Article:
The media are quick to highlight the huge financial losses of health insurers participating on the health exchanges. Yes, health insurers have found it difficult to turn a profit in their health insurance exchange lines of business. However not all carriers are feeling the heat of the losses. In fact, Florida’s largest health insurer–Blue Cross Blue Shield of Florida, or “Florida Blue”–posted a $471 million profit in 2015.
This will be the second year Florida Blue will post a profit for Florida exchange plans. The health insurer’s financial filings show that the carrier posted a $124 million profit in 2014. As Aetna and United Healthcare leave the Florida health exchange, Blue Cross stands in line to acquire potentially hundreds of thousands of new clients in 2017.
Why Did Florida Blue Profit Two Years in a Row?
Florida Blue always had a plan in place.
The health insurer anticipated that many signing up for its ACA plans might be sickly. Insurance companies do not make money of sick clients, thus it made some changes to prevent costly clients on its payroll.
Florida Blue assigned each new Obamacare enrollee a care manager. Florida Blue designated a nurse to each new enrollee to make sure the enrollee was seeking care to prevent more expensive claims further down the road.
In addition, Florida Blue offers on-the-spot free health screenings at one of it’s many retail clinics all across the state. Those who visit the centers have the option to have blood pressure, blood glucose, or cholesterol screenings. Or all of them.
The exchange business hit insurers hard as many rules allowed sicker people to sign up. Fearing the worst, Blue Cross Blue Shield of Florida made efforts to stay true to the proverb which says, “an ounce of prevention is worth a pound of cure.”
The company ensured that its new clientele maintained their health up front.
Florida Blue Invested Heavily in Retail Centers
It is not hard to find a place to buy car insurance. If ever one is in the market, a retail shop is never far in order to start the buying process. Driving down a busy thoroughfare in most cities in the United States will prove that the options are seemingly endless for car insurance. State Farm, Nationwide, Allstate all appear in clusters close to their competition.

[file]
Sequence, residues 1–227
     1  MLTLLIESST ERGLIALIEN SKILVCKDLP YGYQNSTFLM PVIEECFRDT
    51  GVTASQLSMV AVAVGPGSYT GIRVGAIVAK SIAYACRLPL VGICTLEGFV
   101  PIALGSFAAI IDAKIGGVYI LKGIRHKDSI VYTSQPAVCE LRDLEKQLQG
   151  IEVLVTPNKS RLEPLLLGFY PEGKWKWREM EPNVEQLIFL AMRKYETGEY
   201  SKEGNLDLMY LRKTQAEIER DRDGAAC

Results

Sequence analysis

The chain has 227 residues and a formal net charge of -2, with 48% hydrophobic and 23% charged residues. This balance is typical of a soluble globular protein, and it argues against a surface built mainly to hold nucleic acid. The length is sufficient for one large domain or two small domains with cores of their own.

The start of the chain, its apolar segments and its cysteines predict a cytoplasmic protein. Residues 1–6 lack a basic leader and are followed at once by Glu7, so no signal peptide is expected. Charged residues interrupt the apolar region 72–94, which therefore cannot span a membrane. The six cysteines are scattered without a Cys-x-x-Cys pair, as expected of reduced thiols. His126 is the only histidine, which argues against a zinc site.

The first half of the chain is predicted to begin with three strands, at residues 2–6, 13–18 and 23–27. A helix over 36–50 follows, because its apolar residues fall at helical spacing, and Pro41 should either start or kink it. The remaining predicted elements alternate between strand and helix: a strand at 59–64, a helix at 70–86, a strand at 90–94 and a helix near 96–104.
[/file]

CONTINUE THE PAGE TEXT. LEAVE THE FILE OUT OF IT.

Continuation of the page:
But when has it ever been this easy to buy health insurance?
Drive down the same thoroughfare in the United States, and one won’t see a retail shop dedicated to selling health insurance. United Healthcare, Humana, and Aetna logos do not generally emblazon the storefronts of strip malls. Finding a professional out in the community to help with health insurance is harder than finding a professional to consult on car insurance.
Florida Blue saw this pain in the market, and it opened up 20 retail centers in the State of Florida. Those actively seeking health insurance could visit one of these centers and find a plan to fit their needs through the guidance of a professional. It became easier than ever to seek out professional help in the community.
Florida Blue says that over 400,000 residents of Florida visited its retail centers in the first three years of the Affordable Care Act.
Slim Networks Contributed to Florida Blue’s Success
Some Blue Cross affiliates profited from the ACA exchanges while others failed.
In a recent article from Modern Healthcare, author Bob Herman attributes the financial health of some Blues to limiting provider networks.
Health Care Service Corporation–the owner of Blue Cross plans in Montana, New Mexico, Oklahoma and Texas–previously offered PPO health plans. These are the health plans that offer the broadest network of doctors and other healthcare professionals. Since 2014, Health Care Service Corporation totals their ACA losses at close to $3 billion. HCSC has since eliminated PPO plans from its marketplace offerings.
Blue Cross Blue Shield of Tennessee was not the only PPO offering in Tennessee, but the insurer did provide PPO plans statewide in 2016. The company posted an underwriting loss of $195.7 million in 2015. Citing unsurmountable losses, the health insurer pulled individual health plans from 3 of its biggest markets–Nashville, Knoxville and Memphis.
Florida Blue did not suffer the same fate of HCSC and Blue Cross Blue Shield of Tennessee. The Florida Blue CEO predicted the sustainablilty challenge in creating broad networks with low rates:
He said, “if you don’t get your price close right out of the gate, you’re fighting an uphill battle, and you saw that in a lot of states.”
Philip Strang is a licensed health insurance agent working for American Exchange. He divides his time between health insurance enrollments and writing articles on the Affordable Care Act.